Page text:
What does phrase mean?

Definitions for phrase
freɪzphrase

Here are all the possible meanings and translations of the word phrase.

Princeton's WordNet

  1. phrase(noun)

    an expression consisting of one or more words forming a grammatical constituent of a sentence

  2. phrase, musical phrase(noun)

    a short musical passage

  3. idiom, idiomatic expression, phrasal idiom, set phrase, phrase(noun)

    an expression whose meanings cannot be inferred from the meanings of the words that make it up

  4. phrase(verb)

    dance movements that are linked in a single choreographic sequence

  5. give voice, formulate, word, phrase, articulate(verb)

    put into words or an expression

    "He formulated his concerns to the board of trustees"

  6. phrase(verb)

    divide, combine, or mark into phrases

    "phrase a musical passage"

Wiktionary

  1. phrase(Noun)

    A short written or spoken expression.

    Etymology: From phrasis, from φράσις, from φράζω.

  2. phrase(Noun)

    A word or group of words that functions as a single unit in the syntax of a sentence, usually consisting of a head, or central word, and elaborating words.

    Etymology: From phrasis, from φράσις, from φράζω.

  3. phrase(Noun)

    A small section of music in a larger piece.

    Etymology: From phrasis, from φράσις, from φράζω.

  4. phrase(Verb)

    To perform a passage with the correct phrasing.

    Etymology: From phrasis, from φράσις, from φράζω.

  5. phrase(Verb)

    To express (an action, thought or idea) by means of words.

    Etymology: From phrasis, from φράσις, from φράζω.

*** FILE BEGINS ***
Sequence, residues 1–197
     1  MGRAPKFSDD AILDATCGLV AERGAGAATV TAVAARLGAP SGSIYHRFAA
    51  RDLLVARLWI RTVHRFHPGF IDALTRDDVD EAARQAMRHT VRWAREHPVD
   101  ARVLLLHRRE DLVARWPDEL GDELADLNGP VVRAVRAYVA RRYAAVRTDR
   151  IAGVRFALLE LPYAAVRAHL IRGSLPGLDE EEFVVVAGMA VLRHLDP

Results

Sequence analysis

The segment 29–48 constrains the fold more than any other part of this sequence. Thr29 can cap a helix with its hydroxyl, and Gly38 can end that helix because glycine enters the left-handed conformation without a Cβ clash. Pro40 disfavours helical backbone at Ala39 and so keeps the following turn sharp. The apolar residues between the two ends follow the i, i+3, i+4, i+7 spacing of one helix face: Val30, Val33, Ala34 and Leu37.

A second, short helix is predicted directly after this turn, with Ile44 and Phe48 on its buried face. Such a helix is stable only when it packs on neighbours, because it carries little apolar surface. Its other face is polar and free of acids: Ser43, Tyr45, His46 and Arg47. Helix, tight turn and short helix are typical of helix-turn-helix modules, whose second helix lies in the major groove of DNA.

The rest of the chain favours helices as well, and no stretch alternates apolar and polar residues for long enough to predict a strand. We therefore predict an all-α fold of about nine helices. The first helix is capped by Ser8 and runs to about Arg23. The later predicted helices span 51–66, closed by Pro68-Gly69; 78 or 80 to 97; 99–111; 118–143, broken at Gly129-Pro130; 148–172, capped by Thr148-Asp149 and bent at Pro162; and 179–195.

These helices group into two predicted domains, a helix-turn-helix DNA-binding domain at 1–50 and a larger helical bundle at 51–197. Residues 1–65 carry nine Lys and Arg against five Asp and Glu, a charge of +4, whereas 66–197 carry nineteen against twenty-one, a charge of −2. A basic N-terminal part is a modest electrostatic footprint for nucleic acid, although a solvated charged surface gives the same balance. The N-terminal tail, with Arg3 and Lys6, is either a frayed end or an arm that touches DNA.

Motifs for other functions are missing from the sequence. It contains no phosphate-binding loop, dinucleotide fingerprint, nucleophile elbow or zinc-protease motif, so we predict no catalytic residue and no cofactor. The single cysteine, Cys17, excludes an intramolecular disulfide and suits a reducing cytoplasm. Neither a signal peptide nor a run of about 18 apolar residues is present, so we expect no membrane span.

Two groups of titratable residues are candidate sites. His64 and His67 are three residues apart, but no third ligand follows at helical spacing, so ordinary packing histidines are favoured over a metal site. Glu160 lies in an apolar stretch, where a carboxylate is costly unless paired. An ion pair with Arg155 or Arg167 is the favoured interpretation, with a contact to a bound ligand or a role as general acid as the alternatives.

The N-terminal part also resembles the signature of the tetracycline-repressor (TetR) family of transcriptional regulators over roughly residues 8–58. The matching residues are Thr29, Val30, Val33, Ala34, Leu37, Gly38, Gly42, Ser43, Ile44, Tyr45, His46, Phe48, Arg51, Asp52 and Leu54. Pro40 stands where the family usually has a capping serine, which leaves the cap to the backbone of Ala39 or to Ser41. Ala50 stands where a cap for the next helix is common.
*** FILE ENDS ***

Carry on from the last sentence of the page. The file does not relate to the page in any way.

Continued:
6. phrase(Verb)

    To divide into melodic phrases.

    Etymology: From phrasis, from φράσις, from φράζω.

Webster Dictionary

  1. Phrase(noun)

    a brief expression, sometimes a single word, but usually two or more words forming an expression by themselves, or being a portion of a sentence; as, an adverbial phrase

    Etymology: [F., fr. L. phrasis diction, phraseology, Gr. , fr. to speak.]

  2. Phrase(noun)

    a short, pithy expression; especially, one which is often employed; a peculiar or idiomatic turn of speech; as, to err is human

    Etymology: [F., fr. L. phrasis diction, phraseology, Gr. , fr. to speak.]

  3. Phrase(noun)

    a mode or form of speech; the manner or style in which any one expreses himself; diction; expression

    Etymology: [F., fr. L. phrasis diction, phraseology, Gr. , fr. to speak.]

  4. Phrase(noun)

    a short clause or portion of a period

    Etymology: [F., fr. L. phrasis diction, phraseology, Gr. , fr. to speak.]

  5. Phrase(verb)

    to express in words, or in peculiar words; to call; to style

    Etymology: [F., fr. L. phrasis diction, phraseology, Gr. , fr. to speak.]

  6. Phrase(verb)

    to use proper or fine phrases

    Etymology: [F., fr. L. phrasis diction, phraseology, Gr. , fr. to speak.]

  7. Phrase(verb)

    to group notes into phrases; as, he phrases well. See Phrase, n., 4

    Etymology: [F., fr. L. phrasis diction, phraseology, Gr. , fr. to speak.]

Freebase

  1. Phrase

    In everyday speech, a phrase may refer to any group of words. In linguistics, a phrase is a group of words that form a constituent and so function as a single unit in the syntax of a sentence. A phrase is lower on the grammatical hierarchy than a clause.

Chambers 20th Century Dictionary

  1. Phrase